An unpermitted chain-link fence around a school district-owned parcel adjacent to the environmentally sensitive Banning Ranch property in Newport Beach is coming down for the sake of rare gnatcatchers, burrowing owls and fairy shrimp.
The Newport-Mesa Unified School District didn’t have a California Coastal Commission development permit that was needed to erect the fence because of the land’s proximity to the ocean. But it did get a permit Thursday to remove the fence, which it built in 2012 during a contentious time in the area’s history.
Like the 401-acre swath of open scrubland that surrounds it, the school district property has freshwater wetlands and vernal pools, grassland and coastal sage scrub that support a variety of endangered and sensitive species.
Tim Holcomb, the district’s assistant superintendent and chief operating officer, said Newport-Mesa bought the property at the western edges of Newport Beach and Costa Mesa in 1965 as a potential school site, knowing that land purchases in the future would be more expensive and contentious. The district put up the fence to keep out trespassers when developers were pitching a Banning Ranch development plan that eventually died after years of fighting at City Hall, the Coastal Commission and the courts.
Newport-Mesa and the commission have been working on a resolution of the fence issue for nearly seven years. That includes the district trying to get after-the-fact approval to keep the fence in place.
The district uses some of its 11.5-acre site for heavy-equipment storage, but the 3-acre portion in question is undeveloped and habitat for sensitive species fragmented by the fence.
Suzanne Forrester, vice president of the Banning Ranch Conservancy, said it is “highly unlikely that in the seven years the unpermitted fence has been in existence it has deterred even one trespasser, thief, ne’er do well, miscreant or otherwise unscrupulous character. Far more likely, the unpermitted fence has deterred a lot of wildlife.”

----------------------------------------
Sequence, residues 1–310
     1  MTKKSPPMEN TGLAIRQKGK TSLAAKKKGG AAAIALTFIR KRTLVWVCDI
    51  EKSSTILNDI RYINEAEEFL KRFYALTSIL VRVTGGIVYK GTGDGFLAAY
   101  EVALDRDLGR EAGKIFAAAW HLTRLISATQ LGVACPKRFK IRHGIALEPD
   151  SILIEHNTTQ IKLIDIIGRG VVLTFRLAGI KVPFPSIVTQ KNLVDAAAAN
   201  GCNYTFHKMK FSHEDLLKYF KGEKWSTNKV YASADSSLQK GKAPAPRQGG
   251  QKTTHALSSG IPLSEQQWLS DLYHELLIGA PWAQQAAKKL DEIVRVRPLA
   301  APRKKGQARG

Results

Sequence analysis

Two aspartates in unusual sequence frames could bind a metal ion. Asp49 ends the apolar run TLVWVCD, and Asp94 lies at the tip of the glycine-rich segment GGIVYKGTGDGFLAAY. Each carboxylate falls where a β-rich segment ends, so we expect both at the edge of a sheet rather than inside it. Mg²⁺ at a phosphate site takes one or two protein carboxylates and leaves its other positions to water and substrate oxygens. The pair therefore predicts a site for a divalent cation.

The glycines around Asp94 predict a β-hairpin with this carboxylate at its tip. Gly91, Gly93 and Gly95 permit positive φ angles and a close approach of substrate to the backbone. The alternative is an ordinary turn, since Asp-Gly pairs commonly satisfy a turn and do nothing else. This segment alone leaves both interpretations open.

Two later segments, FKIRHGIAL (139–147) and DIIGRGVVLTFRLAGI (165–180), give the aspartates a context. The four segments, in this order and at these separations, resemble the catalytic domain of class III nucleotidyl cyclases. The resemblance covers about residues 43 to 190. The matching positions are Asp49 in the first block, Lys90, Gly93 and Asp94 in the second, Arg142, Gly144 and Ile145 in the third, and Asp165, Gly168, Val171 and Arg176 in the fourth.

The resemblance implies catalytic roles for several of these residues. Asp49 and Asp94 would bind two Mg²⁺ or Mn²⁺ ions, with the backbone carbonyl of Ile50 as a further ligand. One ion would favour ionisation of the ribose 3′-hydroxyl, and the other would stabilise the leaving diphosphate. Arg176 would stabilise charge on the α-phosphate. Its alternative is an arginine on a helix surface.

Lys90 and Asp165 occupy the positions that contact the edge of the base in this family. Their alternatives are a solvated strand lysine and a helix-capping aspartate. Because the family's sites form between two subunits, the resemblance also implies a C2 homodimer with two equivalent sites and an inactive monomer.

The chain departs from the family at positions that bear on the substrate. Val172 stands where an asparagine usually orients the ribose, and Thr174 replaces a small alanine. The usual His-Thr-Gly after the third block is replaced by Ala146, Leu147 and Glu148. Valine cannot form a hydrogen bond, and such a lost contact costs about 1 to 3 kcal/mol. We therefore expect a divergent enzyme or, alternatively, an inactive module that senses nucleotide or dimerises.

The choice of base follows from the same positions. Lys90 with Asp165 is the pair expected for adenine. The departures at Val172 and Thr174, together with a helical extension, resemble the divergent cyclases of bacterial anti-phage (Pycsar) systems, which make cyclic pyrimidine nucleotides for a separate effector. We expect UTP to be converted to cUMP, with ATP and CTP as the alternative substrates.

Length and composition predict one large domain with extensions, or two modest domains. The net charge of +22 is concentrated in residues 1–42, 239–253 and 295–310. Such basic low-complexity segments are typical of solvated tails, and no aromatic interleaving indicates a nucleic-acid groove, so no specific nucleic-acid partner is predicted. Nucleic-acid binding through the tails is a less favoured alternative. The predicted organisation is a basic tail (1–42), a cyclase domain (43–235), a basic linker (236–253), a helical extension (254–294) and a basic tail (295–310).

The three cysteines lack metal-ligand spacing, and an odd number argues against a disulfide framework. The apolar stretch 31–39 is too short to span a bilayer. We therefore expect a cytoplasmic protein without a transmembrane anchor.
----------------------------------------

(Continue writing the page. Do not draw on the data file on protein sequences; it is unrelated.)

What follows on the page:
“Unfortunately,” Holcomb said, “the district did not do its homework about what permits were required and simply presumed that adding to the existing perimeter fencing did not require a permit. In hindsight, the district’s initial pursuit of the permit in 2015 to retain the fence despite its location adjacent to sensitive habitats was also naive on the district’s part.”
With the commission’s unanimous approval secured, the district can pull out about 2,000 linear feet of chain-link, 170 fence posts and six concrete post footings. It also will remove invasive vegetation and plant native grasses to restore the area.
The removal will begin within six months.
The Banning Ranch land is federally declared critical habitat for the threatened California gnatcatcher and the endangered San Diego fairy shrimp. Wintering western burrowing owls use the grasslands for foraging; the rare ground-dwelling birds have been seen in and around the district patch over the years, Forrester said.
Invasive black mustard, crown daisies, wild radish and tocalote thistles crowd the area, and a fence post pierces one of the fairy shrimp’s seasonal pools.
Steve Ray, director of the Banning Ranch Conservancy, said the group wants to help with the restoration and make it an educational opportunity for students.
“We feel that the education will give the kids hands-on citizen science type of opportunities to help in data collection as they watch this restoration project advance,” said Kay Howell, the conservancy’s education director. “We also see the opportunity for career and technical education, and we would really enjoy working with the school district on this project.”
Holcomb said the district remains concerned about trespassing but is pleased to work with the state to mitigate impacts.